Short run marginal cost[edit]

Short Run Marginal Cost

Short run marginal cost is the change in total cost when an additional output is produced in the short run and some costs are fixed. On the right side of the page, the short-run marginal cost forms a U-shape, with quantity on the x-axis and cost per unit on the y-axis.

On the short run, the firm has some costs that are fixed independently of the quantity of output (e.g. buildings, machinery). Other costs such as labor and materials vary with output, and thus show up in marginal cost. The marginal cost may first decline, as in the diagram, if the additional cost per unit is high, if the firm operates at too low a level of output, or it may start flat or rise immediately. At some point, the marginal cost rises as increases in the variable inputs such as labor put increasing pressure on the fixed assets such as the size of the building. In the long run, the firm would increase its fixed assets to correspond to the desired output; the short run is defined as the period in which those assets cannot be changed.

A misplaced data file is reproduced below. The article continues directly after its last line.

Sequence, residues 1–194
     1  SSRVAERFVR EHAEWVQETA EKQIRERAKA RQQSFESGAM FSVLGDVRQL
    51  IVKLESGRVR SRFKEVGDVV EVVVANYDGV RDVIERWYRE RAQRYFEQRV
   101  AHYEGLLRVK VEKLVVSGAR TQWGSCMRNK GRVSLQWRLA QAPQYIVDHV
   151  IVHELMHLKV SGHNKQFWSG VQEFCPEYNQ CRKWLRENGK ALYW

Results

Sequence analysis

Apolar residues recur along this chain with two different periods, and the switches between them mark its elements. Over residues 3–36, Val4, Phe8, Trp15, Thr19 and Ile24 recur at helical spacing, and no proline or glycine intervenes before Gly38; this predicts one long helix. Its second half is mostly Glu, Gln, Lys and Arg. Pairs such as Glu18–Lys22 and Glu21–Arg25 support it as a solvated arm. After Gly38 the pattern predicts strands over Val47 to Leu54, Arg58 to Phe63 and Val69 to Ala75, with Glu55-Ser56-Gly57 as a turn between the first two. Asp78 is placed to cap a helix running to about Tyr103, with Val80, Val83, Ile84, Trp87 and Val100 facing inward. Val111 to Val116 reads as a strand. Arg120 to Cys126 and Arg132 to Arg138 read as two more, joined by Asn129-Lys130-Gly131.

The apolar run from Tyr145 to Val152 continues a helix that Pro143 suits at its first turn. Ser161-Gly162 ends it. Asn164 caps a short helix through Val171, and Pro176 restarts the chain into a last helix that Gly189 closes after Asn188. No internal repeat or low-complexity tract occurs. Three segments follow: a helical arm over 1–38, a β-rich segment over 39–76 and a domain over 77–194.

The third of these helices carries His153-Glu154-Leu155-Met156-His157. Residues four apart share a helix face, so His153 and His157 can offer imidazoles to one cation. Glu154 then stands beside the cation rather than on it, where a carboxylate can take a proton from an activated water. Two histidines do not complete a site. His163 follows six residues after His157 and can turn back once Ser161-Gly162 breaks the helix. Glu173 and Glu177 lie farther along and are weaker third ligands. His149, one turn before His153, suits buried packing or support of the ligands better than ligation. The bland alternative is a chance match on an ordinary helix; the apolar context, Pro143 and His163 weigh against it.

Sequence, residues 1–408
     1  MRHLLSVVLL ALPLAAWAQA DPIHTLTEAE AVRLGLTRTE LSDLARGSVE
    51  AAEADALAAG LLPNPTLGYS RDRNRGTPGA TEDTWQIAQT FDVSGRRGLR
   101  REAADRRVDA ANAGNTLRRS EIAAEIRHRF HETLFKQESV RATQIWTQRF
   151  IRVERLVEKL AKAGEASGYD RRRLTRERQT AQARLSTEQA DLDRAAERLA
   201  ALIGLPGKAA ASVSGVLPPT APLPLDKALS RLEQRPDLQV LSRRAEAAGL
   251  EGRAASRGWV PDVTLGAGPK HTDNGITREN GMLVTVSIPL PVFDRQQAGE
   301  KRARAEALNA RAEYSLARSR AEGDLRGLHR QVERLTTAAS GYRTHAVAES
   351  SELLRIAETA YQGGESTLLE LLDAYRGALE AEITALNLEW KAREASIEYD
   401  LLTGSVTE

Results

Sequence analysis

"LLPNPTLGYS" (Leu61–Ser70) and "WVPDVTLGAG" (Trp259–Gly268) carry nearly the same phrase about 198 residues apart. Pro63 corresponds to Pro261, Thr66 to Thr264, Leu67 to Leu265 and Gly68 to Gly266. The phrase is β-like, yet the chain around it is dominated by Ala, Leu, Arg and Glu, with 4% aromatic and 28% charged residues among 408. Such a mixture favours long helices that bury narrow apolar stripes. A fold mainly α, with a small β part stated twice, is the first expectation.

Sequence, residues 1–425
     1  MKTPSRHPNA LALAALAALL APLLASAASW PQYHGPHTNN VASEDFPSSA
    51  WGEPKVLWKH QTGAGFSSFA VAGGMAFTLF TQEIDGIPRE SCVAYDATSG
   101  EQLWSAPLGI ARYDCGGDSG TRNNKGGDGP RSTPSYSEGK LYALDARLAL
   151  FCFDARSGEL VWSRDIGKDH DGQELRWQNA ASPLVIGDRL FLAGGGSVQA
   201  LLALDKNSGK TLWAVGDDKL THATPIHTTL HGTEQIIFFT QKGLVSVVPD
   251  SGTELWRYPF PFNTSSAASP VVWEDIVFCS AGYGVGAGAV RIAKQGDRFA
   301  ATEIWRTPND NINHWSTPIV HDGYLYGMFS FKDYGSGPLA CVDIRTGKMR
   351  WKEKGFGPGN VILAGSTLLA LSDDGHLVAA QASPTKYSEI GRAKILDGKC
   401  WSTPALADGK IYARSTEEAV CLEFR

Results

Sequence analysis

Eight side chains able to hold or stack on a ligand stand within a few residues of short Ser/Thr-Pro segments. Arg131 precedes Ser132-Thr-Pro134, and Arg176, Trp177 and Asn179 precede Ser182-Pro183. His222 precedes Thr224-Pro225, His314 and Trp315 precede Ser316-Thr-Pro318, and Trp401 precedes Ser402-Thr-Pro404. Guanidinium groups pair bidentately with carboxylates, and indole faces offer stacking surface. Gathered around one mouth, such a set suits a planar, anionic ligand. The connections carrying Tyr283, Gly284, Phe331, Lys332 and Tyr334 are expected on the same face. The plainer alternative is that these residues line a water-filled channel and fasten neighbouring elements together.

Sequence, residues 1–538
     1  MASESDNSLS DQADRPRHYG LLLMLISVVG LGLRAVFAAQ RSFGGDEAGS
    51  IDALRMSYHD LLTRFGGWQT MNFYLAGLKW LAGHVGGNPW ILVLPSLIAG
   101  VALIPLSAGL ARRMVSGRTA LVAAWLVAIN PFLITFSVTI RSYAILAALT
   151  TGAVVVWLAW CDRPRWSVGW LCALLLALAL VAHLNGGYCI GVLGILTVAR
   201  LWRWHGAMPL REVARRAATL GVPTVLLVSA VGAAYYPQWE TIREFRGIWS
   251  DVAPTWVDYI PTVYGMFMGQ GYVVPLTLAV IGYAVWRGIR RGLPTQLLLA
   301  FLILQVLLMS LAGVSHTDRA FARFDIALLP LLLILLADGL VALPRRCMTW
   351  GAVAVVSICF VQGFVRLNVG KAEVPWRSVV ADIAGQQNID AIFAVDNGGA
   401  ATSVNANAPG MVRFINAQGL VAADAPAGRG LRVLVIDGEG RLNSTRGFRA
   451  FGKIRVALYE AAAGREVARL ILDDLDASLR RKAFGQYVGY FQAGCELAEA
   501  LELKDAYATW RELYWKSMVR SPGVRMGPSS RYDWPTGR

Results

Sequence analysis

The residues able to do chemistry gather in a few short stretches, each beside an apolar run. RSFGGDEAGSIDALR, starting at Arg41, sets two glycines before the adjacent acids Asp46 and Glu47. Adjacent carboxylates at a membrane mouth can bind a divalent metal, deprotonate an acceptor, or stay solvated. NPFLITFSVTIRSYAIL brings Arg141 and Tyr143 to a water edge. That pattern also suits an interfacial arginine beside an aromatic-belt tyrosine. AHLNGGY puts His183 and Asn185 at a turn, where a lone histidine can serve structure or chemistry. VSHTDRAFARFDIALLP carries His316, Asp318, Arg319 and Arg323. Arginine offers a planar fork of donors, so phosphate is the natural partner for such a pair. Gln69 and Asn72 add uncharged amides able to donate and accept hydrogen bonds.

Long run marginal cost[edit]

Long Run Marginal Cost

The long run is defined as the length of time in which no input is fixed. Everything, including building size and machinery, can be chosen optimally for the quantity of output that is desired. As a result, even if short-run marginal cost rises because of capacity constraints, long-run marginal cost can be constant. Or, there may be increasing or decreasing returns to scale if technological or management productivity changes with the quantity. Or, there may be both, as in the diagram at the right, in which the marginal cost first falls (increasing returns to scale) and then rises (decreasing returns to scale).[3]